Structure your business in a smart way. A sound legal structure protects your business from many potential threats. Consult your business attorney to determine the best way to incorporate your small business. Options that may protect your assets include C Corporation, S Corporation and Limited Liability Partnership (LLC). According to Renkin, forming an LLC or a corporation to make the business holdings separate from personal holdings is one of the easiest ways to protect yourself.
Consider a postnuptial agreement. Postnuptial agreements are a growing trend and have been used when no prenup exists or to amend an existing prenup. “The concept is basically the same as a prenuptial agreement except it is entered into after the marriage has occurred,” said Kessler. Most states currently permit postnuptial agreements, he noted.
Keep business and personal funds separate. Avoid commingling your business and personal accounts. In addition to being good business practice in general, keeping business and personal finances separate will save time and accounting fees in the event of a divorce.
Maintain clear business boundaries. According to divorce lawyer Christian Denmon, if your spouse is not involved in the daily workings of your small business, do not give him or her partnership or an equity interest in the business. “This is a no-brainer, if you want to keep your
business in divorce court, then don’t give your spouse an equity interest,” Denmon said.
Another mistake is putting your spouse on the company payroll just to save on taxes. “Too many small businesses put the spouse on salary, even though he or she may not even work in the business. This creates a mess and may hurt you later,” Denmon said.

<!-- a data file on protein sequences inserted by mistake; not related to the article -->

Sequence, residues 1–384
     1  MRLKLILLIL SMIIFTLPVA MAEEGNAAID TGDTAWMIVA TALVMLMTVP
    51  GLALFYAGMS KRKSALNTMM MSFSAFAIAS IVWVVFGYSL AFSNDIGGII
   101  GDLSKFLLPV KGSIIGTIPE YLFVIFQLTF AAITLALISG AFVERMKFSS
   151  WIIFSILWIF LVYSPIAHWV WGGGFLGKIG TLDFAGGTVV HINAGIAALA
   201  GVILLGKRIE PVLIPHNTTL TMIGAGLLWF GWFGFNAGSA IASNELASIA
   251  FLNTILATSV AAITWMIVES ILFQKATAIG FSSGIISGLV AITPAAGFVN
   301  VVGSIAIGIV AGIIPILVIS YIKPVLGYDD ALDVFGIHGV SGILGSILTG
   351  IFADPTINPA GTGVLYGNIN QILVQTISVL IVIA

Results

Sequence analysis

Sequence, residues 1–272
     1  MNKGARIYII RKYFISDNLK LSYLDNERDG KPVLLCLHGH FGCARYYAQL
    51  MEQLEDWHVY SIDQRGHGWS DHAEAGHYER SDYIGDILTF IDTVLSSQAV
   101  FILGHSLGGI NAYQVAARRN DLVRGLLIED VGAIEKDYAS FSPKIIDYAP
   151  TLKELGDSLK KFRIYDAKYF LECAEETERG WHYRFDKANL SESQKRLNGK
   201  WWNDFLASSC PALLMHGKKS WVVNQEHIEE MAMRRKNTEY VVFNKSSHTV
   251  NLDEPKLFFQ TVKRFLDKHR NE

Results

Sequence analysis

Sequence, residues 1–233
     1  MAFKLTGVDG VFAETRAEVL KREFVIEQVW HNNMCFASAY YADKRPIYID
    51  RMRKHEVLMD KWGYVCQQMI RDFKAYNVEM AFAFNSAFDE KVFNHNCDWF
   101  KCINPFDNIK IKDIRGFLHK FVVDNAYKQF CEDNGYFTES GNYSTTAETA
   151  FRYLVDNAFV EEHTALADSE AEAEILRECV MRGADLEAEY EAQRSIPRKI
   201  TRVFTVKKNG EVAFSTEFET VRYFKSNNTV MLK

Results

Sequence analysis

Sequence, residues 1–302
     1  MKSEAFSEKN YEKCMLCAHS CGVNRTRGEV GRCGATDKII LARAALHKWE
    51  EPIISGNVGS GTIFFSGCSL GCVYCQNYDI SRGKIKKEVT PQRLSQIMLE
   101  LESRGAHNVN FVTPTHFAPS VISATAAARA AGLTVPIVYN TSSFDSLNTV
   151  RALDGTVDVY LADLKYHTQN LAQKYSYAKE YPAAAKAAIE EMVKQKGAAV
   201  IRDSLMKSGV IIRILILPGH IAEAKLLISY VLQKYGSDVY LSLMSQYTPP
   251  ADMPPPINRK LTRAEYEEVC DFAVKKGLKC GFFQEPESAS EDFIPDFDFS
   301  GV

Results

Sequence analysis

No matter what, do not give your spouse the business credit card for personal expenses. “Again, this just creates a mess that is difficult to resolve later,” Denmon said.
If divorce is looming
If divorce looks imminent and you have not taken measures to protect your small business, consider these options.
Offer to buy out your spouse. According to Denmon, a judge may decide that your business is still yours even though it has value that accrued during the marriage. “Are you the sole equity shareholder of your small business in your incorporation documents? If so, then you will likely keep your business. You will just need to ‘buy out’ your spouse for his or her share of the equity that accumulated during the marriage,” Denmon said.
Renkin said buying out your spouse is the easiest way to resolve differences about value and ownership of a small business. “You can also offer a percentage of the revenue stream until a buyout is possible,” Renkin said.
Prove you are the proprietor. Renkin said good record-keeping is a must. “You need to prove that the business would not have existed without your time, talent and money. While your former spouse may be entitled to financial compensation, it will be in your best interest to retain control over a successful business,” he said.
“The most common reason, in my experience,” Kessler said, “for a business owner to retain a business is a common sense one. That is, the other spouse is not involved in and has no ability to help in the business. In such cases it simply makes sense for the court to award the business to the only spouse who can run it. Therefore, perhaps the business owner should be sure to run it without help from his or her spouse.”